Since the pandemic began, I’ve been in conversation with several chefs across America whose careers were taking off prior, all of whom were working independently as pop-ups, caterers, or both. They face the same multitude of issues concerning food costs, labor, and other overhead expenses, often without the safety of insurance policies or protection through government agencies that restaurants have. This reality is even more stark in the Black community as historically many operations begin and continue to function out of homes or other trusted spaces. Working from home has always meant something entirely different down here on the ground. It begins with racism, and the lack of trust and acceptance of Blackness in the idioms of American culture. Being maligned creates a system of subverting societal structure to mitigate survival. Doing hair or barbering in the kitchen, selling water or ice from the porch, offering pies and cakes from the doorstep. Working from home means community, it means kinship and safety. This isn’t new—we’ve been bailing ourselves out in America since 1619.
Black chefs are feeling the crippling weight of this fragile industry as we work towards our own solutions. Some of us are going back to those old roots of survival by doing what we have always done: cook. In the hood there was always someone selling dinner platters. For roughly twelve bucks you could buy an entire meal and a few sides piled into a styrofoam container. Delicious and enough food for a few people. More important, there was trust. The hand under the styrofoam container cared about you. They knew your family and friends, they knew what you usually ordered. Cash and a smile is all you needed. Maybe a cup of lemonade to wash it down.
Chef BJ Dennis of Charleston, South Carolina has been selling Gullah Geechee cuisine at a cost lower than he used to in his community. Chef Enrika Williams of Jackson, Mississippi, who has gone back to selling plates and pies based on her mother’s recipes, said to me in a recent text, “It’s easy coin and I get to see old regulars and new ones too.” Chef Wanda Blake of Oakland, California has been selling gumbo and chow chow for years, and she’s seen “great increase” in her sales since the pandemic. Black businesses in the hood continue to be supported by the very community that always has; its own.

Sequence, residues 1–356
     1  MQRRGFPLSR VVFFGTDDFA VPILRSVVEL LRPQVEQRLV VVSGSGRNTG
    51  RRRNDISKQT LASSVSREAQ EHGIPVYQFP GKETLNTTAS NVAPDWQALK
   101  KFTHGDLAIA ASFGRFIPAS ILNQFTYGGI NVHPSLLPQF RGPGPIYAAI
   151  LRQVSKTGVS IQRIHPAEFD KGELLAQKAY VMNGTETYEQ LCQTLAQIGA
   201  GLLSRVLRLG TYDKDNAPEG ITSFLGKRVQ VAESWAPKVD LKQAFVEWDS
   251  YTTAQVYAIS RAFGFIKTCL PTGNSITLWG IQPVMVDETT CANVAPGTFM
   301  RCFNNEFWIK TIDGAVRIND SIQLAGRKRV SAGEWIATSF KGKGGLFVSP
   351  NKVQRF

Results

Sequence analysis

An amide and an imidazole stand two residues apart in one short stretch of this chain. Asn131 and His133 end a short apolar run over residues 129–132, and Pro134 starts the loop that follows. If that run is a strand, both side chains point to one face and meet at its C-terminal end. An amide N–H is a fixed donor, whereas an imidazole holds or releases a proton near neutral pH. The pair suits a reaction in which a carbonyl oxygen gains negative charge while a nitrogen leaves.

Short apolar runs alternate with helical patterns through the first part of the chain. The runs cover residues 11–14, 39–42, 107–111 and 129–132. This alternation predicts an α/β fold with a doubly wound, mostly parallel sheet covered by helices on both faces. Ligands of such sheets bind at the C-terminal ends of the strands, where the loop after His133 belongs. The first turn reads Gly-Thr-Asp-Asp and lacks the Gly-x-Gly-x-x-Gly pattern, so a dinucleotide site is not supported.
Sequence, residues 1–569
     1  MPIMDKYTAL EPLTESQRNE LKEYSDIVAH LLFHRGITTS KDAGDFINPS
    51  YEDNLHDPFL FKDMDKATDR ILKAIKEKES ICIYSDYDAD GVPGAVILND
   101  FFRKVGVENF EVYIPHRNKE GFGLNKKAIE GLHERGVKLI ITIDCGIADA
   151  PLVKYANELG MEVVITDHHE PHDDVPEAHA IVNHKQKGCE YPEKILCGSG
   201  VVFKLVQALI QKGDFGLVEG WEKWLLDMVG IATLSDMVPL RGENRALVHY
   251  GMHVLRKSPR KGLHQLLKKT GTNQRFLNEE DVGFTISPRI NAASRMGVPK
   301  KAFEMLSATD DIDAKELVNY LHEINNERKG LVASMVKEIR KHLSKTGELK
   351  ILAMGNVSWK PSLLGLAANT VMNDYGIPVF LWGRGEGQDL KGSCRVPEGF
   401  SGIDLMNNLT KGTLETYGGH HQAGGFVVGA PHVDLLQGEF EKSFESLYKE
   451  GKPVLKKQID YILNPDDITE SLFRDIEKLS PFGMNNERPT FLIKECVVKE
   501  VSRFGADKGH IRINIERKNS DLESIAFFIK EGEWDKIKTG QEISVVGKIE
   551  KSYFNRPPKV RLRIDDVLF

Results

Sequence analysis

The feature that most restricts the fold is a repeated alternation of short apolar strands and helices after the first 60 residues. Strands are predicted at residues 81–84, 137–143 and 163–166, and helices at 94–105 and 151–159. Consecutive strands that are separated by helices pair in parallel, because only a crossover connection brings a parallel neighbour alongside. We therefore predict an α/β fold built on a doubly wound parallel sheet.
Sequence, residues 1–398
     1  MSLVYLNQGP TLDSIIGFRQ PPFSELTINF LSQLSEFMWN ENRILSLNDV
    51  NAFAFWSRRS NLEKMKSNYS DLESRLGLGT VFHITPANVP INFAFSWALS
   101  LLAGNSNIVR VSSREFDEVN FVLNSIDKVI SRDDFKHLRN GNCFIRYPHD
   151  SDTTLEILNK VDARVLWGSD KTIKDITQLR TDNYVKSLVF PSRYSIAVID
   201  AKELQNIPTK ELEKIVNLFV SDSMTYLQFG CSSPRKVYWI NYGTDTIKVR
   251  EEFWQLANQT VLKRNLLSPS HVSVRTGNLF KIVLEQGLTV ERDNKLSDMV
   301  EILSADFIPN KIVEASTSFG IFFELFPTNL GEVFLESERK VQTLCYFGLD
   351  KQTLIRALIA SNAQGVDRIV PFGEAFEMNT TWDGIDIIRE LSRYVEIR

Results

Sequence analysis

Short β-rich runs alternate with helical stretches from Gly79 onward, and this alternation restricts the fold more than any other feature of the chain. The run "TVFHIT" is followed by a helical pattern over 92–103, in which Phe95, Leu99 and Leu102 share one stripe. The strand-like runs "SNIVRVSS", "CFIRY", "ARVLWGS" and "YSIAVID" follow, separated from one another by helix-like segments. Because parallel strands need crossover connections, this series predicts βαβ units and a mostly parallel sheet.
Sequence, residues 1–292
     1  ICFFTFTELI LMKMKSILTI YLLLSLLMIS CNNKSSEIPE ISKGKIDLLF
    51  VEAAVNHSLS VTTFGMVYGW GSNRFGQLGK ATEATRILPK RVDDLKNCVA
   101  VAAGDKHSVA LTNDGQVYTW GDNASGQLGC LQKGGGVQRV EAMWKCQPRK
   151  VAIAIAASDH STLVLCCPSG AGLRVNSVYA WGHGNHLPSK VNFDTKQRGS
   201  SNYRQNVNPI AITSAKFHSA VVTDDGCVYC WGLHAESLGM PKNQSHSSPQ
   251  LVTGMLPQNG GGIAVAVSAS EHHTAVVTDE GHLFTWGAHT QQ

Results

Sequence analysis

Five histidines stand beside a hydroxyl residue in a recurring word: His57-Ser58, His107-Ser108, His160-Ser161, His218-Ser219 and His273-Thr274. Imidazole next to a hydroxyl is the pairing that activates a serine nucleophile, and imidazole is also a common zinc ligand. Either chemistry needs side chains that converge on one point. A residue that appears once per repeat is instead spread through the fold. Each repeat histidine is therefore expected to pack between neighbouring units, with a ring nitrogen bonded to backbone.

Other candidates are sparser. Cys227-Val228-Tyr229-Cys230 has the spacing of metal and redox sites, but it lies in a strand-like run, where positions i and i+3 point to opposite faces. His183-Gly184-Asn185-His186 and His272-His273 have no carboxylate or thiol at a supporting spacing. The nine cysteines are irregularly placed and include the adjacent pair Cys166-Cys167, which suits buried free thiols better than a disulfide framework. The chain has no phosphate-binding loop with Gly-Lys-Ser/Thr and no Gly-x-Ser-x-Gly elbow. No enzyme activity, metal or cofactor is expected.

I hear all of the big chefs and writers weighing in and advocating for justice for this industry. I’ve seen the #letitdie campaign, a hashtag promoting a rebirth of restaurants in equality and fairness for all who participate in this business. I’ve seen the graphs, charts, and statistics. I understand what’s happening. I am proud to know many of the important folks who are doing the work to have these important conversations. But down here on the ground there are issues that can not be so easily rectified. I don’t understand how these conversations are going to help Black folks on the other side. Will our communities be healthier, safer, cleaner, better educated, better financed, policed less? Will they see us down here? I gotta be honest, I’m not optimistic. The politics have never really worked in our favor.
Since returning home I have been doing the Honeysuckle pop-up as take-out to help make ends meet. It's part therapy, part practice, and part joy. The prices are significantly lower than the $150-to-$300 price tag I was selling my dinner events for just over a month ago. The food is not simple, it's complex but unfancy. It's deliciousness in a compostable box to go. I prepare it at home mostly and distribute it from South Philly Barbacoa in the Italian Market neighborhood. People enjoy it and have said that it's a once-a-week treat, a reason to put a mask on and get out of the house.
Every day to feed my family, I walk past the dope boy in front of the corner store to go inside and choose from the lesser of several food evils. I shop there because the closest supermarket in this neighborhood closed for good after an alleged robbery. There have been rumors that it was actually an insurance scam by the owners of the building. It was the only place that had fresh meat and produce of moderately decent quality. We’re now forced to shop at the smaller stores and make tough decisions about our diets and health. When I see the young man I say good morning and sometimes he holds the door open for me. I’ve been there in those shoes before. When I leave the store I tell him to be safe and to watch out for “The Law.”
I get a different kind of news.
Omar Tate is the chef and artist behind the dining pop-up Honeysuckle.